I recently signed up for Harvard B School’s free companion e-newsletter to its Working Knowledge web site. This week’s issue had a couple interesting items for marketing communications buffs.

1. Speechwriting Under the Gun
It doesnt matter to your audience if you have ten days or ten minutes to write a speech. You still must deliver. Here are tips for speeding your speech prep.

2. Ad*Access and The Emergence of Advertising in America
A database of advertisements from 1911 to 1955. (This link brings you to a page of recommended web sites in addition to the Ad*Access Site.)

Visit the site, sign up for the e-newsletter. Both are excellent examples of giving away “information of value” to gain exposure, showcase expertise, build awareness and strengthen brand. Beyond that, the editorial is set up to trigger sales of products and encourage additional viral marketing.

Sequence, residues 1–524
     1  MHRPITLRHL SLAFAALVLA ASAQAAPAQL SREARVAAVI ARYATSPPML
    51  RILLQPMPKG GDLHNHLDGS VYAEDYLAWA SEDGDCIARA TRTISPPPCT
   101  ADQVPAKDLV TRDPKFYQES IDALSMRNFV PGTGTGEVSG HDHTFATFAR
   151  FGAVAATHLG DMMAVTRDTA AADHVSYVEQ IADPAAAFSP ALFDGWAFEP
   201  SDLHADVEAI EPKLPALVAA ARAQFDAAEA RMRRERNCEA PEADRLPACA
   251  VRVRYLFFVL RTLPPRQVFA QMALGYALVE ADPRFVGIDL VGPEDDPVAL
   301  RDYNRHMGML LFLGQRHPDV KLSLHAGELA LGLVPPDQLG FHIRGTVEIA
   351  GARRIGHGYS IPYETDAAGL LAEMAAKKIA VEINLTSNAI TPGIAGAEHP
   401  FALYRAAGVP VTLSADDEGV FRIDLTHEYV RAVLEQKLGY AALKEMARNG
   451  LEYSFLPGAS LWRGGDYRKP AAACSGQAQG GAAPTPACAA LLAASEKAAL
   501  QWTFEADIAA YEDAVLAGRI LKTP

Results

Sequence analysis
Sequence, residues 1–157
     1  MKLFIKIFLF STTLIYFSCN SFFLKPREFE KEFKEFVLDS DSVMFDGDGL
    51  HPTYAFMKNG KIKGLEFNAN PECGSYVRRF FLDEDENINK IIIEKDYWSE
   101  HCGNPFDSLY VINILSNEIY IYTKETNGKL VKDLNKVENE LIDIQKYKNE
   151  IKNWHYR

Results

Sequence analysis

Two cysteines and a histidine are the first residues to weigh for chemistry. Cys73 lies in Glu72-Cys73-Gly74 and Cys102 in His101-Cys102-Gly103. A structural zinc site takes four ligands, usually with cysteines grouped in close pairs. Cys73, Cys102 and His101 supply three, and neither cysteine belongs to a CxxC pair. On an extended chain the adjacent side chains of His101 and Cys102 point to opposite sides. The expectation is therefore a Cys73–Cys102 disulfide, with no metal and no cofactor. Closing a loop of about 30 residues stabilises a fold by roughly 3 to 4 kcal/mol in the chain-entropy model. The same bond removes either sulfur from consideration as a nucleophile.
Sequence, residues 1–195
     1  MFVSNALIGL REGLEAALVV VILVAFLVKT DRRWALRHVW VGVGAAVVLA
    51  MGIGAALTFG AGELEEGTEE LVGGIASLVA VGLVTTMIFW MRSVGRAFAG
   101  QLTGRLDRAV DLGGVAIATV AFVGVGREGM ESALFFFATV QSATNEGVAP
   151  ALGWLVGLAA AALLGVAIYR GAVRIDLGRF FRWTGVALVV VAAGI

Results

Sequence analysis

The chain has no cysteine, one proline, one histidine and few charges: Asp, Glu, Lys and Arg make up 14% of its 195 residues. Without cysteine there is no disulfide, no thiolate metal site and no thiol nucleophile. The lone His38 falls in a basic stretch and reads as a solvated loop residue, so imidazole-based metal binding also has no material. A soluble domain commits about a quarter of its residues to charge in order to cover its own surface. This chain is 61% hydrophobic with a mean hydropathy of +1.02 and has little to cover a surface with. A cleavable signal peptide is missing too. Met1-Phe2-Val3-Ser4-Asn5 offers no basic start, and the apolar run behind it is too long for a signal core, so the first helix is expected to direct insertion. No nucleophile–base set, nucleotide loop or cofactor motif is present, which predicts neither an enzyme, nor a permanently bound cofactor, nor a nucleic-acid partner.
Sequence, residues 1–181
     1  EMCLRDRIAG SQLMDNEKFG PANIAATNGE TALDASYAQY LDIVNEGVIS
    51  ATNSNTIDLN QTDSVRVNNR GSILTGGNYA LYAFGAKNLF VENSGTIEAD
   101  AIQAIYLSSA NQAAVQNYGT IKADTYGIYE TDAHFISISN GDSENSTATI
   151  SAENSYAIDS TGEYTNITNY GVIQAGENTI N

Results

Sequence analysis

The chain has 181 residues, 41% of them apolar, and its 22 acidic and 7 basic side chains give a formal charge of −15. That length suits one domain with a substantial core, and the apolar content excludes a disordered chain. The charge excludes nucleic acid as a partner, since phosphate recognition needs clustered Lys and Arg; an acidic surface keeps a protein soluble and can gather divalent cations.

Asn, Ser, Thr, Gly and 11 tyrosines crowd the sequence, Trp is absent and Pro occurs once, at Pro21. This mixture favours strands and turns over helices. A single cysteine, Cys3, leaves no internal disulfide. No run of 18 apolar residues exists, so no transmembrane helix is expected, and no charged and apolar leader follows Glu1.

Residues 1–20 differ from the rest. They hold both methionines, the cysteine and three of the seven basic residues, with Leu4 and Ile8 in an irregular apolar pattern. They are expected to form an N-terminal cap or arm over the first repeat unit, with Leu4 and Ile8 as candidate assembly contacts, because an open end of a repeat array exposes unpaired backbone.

E-mail Marketing: Text v. HTML?


I’ve read lots of opinions on which is better. A lot of e-mail marketers pushing HTML newsletter solutions will swear that HTML is best. However, here’s an interesting test survey on MarketingSherpa.com that shows there’s not a big difference… both work about equally.

Personally this has been my experience. I run a monthly e-newsletter for a client and we send out a plain text e-mail newsletter with lots of hyperlinks to full articles on the web site (including a link right at the top to an HTML version of the entire e-newsletter). Some people click to the web version of the newsletter (identical in content), others scroll through the plain-text email and click through to articles of interest.